By Majid Naik
“Irrespective of who we are as individuals, and as interest groups, we are under obligation to ensure an ecosystem in which every single student gets an opportunity to realise his potential. Otherwise we’ll fail our children, and grandchildren. Exactly the way, the previous generation of leaders failed us,” says Basant Rath, the 2000 batch J&K cadre IPS officer, whose no-holds barred tweets and unorthodox methods, have earned him both brickbats, and a legion of fans.
His transfer as J&K traffic chief in November 2018 to the office of commandant general, Home Guards, after a Twitter spat with Junaid Mattoo, the then newly elected Mayor of Srinagar, had made headlines; and brought on a wave of protests from some locals. This sort of support is unique in a valley wary of outsiders in general, and an officer in uniform in particular. In this, Rath is unique. And a large part of this trust he’s built, comes from his outreach to students studying for competitive examinations, whose study material he arranges for.
A pinned tweet on his Twitter profile, @KangriCarrier, gives a shout out to his open Google sheet, Book Baba, where he invites students to send in their requests, write their complete addresses, and as soon as he can arrange it, he promises to courier them their books for free.
Friends, please don’t Whatsapp, DM or mail me your book requests unless I ask you to do it. If you need a book, just fill up the Book Baba google form. Sabr ka phal kitaab hota hai. https://t.co/Iw4FKcJBl2
— Basant بسنت (@KangriCarrier) July 12, 2019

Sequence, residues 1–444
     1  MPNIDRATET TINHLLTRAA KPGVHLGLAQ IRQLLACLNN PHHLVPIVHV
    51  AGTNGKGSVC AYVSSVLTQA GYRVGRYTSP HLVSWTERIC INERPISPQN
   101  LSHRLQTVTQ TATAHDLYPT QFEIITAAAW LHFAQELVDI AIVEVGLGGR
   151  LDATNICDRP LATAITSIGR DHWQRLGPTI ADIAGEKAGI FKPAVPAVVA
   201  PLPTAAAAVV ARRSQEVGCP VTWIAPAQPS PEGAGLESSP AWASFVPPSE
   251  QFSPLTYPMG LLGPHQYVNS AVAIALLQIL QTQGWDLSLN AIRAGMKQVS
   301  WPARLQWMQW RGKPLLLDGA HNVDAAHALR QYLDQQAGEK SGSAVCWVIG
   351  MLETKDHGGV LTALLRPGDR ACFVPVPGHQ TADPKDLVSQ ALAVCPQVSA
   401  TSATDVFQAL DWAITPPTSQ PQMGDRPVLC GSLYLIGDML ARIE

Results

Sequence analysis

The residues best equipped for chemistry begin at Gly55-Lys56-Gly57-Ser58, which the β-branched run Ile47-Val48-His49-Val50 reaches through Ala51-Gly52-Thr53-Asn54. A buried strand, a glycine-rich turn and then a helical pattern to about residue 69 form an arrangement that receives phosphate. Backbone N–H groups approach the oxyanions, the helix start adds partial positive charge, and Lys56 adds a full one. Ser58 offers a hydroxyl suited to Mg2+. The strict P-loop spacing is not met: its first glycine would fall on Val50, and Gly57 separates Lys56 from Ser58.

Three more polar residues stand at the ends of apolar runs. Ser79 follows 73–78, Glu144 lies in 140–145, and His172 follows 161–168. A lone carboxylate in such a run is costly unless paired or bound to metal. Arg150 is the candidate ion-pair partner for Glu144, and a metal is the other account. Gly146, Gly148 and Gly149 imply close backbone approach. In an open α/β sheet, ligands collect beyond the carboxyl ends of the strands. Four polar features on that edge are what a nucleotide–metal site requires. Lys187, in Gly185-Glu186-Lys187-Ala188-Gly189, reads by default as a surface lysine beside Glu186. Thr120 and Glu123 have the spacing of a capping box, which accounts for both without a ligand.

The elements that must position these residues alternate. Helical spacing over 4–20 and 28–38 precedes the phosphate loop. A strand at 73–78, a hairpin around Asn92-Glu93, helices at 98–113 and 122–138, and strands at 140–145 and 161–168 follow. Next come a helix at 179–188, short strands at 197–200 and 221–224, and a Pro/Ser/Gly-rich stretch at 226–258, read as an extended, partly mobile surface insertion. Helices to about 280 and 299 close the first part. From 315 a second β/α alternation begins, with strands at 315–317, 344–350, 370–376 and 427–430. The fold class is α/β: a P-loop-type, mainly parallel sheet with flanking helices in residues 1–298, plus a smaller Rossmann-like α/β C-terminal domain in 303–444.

“I owe my personal growth to J&K and I’m trying to reciprocate,” he says of these efforts. “Education is the only way to empower the underprivileged,” he adds. “The only way. Everything else is political posturing. Strangers helped me when I was young, ambitious and poor. I’m returning their favours.”
Born in Odisha, into a household that couldn’t provide much by way of resources, Basant Rath studied hard, eventually studying Sociology from Jawaharlal Nehru University and cracking the UPSC exams. “I come from a very underprivileged background, and studied in Odia medium. Back then, I realised that if you want to do anything in life, big or small, irrespective of the field — be it farming, cricket, or scientific research — you need to be well read. So if we don’t invest in education now, then it won’t work.”
Rath started giving out books to students during his probation period as a newly appointed IPS officer, in Mandi, in Poonch district; and by the time 2002 came to an end, the initiative had grown bigger, and more organised.
“It’s a team game,” he says about the work that goes into acquiring and couriering books. “A lot of friends, elders and strangers chip in. I have a dedicated network. My friends invest and contribute in terms of money and time. It’s a collective effort.”
One of the beneficiaries, Anantnag-based electrical engineering student Danish Shabir is preparing for GATE. “I messaged Basant Sir to send me all the relevant books regarding this exam to my address in Anantnag. He sent me all the books I had asked for to my address and I am highly obliged and thankful to him for his service,” he says.
Those from remote areas of J&K, especially girls, are affected due to the lack of resources. “Girls from remote areas have less mobility than boys in Jammu and Kashmir,” says Rath, which leads to most female students contacting him through phone calls or social media for books.
Rath cannot put an exact number to it, but he says he has so far distributed thousands of books. Sitting in his office, surrounded by bookshelves on all sides, and piles of books where there are none, that vague number seems plausible.
He started two libraries, one in Jammu and one in Kashmir he says, adding that he and his friends hope to ‘open a public library in every district and tehsil headquarters’ in the next future.
“Kings and Queens do not built human civilisations, books and their authors do,” says Rath. An apt reminder for our times.